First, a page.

How packaging systems should handle kernel updates
As a system administrator, I have some relatively strong opinions on how Linux distributions and packaging systems should handle kernel updates. Since I have just gone through the experience of yet another mass kernel update of our servers, I feel like writing them up:
- you should be able to have multiple kernels installed at once.
- it should be easy to tell which package's kernel you are running, and thus whether or not you are running the most current kernel.
- installing a kernel update should never overwrite an existing
kernel image; it should always install a new kernel.
(The one time when it is marginally acceptable to overwrite an existing kernel image is when the package update has literally no changes in the kernel; all it does is fix some packaging mistake. But that should be vanishingly rare anyways.)
- old kernels should get removed sooner or later, at a rate that is
configurable but that has a sensible default. I do not need every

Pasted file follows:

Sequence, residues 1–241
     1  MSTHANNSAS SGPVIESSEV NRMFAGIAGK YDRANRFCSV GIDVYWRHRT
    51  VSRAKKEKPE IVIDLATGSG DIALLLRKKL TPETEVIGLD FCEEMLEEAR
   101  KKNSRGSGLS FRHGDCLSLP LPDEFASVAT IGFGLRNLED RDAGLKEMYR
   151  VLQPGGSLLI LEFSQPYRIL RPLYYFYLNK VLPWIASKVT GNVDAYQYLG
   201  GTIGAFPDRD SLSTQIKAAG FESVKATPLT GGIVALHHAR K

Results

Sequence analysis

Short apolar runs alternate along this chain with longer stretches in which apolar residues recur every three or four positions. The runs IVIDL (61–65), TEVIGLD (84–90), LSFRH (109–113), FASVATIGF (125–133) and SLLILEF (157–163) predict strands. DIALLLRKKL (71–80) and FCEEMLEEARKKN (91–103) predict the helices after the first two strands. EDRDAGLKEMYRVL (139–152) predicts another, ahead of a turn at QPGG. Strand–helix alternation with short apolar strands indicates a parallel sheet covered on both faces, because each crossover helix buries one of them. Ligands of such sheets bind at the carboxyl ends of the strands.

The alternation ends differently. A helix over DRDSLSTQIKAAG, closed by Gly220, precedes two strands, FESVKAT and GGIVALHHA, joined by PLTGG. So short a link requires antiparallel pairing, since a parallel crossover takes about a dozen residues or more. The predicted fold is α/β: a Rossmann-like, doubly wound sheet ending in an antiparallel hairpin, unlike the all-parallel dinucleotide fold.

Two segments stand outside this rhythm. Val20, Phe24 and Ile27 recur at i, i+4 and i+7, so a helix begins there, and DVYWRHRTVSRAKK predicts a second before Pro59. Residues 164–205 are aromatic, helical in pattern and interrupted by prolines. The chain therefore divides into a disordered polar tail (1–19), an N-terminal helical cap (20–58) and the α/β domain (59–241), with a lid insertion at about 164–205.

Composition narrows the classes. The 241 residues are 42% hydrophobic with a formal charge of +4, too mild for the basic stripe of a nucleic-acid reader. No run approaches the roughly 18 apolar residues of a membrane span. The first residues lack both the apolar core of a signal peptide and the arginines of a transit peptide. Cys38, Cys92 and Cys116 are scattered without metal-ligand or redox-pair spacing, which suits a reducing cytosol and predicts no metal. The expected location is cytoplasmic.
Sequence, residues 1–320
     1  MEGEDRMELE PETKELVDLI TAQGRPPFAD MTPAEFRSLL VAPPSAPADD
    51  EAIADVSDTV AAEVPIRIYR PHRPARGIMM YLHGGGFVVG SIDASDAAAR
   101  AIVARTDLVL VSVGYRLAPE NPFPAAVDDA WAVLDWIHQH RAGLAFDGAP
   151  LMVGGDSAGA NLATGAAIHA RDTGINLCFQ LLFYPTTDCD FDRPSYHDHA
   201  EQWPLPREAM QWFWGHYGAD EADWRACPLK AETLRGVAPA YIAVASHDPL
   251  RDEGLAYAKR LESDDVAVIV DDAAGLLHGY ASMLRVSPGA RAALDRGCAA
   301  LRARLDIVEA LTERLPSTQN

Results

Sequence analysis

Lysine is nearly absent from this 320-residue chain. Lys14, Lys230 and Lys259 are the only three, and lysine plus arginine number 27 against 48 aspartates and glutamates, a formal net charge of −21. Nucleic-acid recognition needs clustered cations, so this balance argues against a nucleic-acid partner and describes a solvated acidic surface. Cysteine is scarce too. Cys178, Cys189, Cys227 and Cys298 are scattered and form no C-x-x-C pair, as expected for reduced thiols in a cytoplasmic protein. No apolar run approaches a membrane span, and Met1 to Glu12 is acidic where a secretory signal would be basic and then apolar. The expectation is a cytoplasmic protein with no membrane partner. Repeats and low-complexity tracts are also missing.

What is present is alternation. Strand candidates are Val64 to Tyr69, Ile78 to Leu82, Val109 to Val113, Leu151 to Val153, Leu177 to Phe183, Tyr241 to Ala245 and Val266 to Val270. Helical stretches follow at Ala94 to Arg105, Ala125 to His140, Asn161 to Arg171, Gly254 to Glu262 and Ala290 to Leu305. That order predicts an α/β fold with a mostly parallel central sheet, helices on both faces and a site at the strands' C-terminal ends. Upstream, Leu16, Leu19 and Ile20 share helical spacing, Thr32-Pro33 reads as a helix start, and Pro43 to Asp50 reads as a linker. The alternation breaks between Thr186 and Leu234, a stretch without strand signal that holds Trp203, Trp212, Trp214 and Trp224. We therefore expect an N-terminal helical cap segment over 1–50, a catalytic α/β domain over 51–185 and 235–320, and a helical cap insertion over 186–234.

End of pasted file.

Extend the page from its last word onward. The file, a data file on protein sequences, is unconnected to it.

kernel ever released for my distribution sitting around on my disks
(especially if they have security holes).
(Ideally there would be some sort of time-based minimum expiry, so I can say 'never remove a kernel until I haven't run it for a month'.)
- you should be able to 'pin' any particular kernel so that it is never
removed. You really want this if you have a 'last known good' kernel
and you want to keep experimenting with kernel updates to see if your
distribution got it fixed this time around.
- the running kernel and its modules should never, ever get removed (or overwritten).
I don't know of any distribution that gets all of these right. Ubuntu fails spectacularly at never overwriting existing kernels; Red Hat has no good way to pin a particular kernel version so that it won't get removed (unless the yum versionlock plugin has very recently fixed its interaction with the 'keep the most recent N' plugin). No one has good kernel expiry.
Oh, and I prefer as much of this as possible to be in the kernel packages themselves, instead of in tools that are used to manage them, so that I cannot accidentally cause problems by using the wrong package management tool. This means that I somewhat prefer the Debian/Ubuntu approach of making different kernel versions have different package names to the Red Hat approach of making different kernel versions be different versions of the same package and putting the smarts in yum and other tools.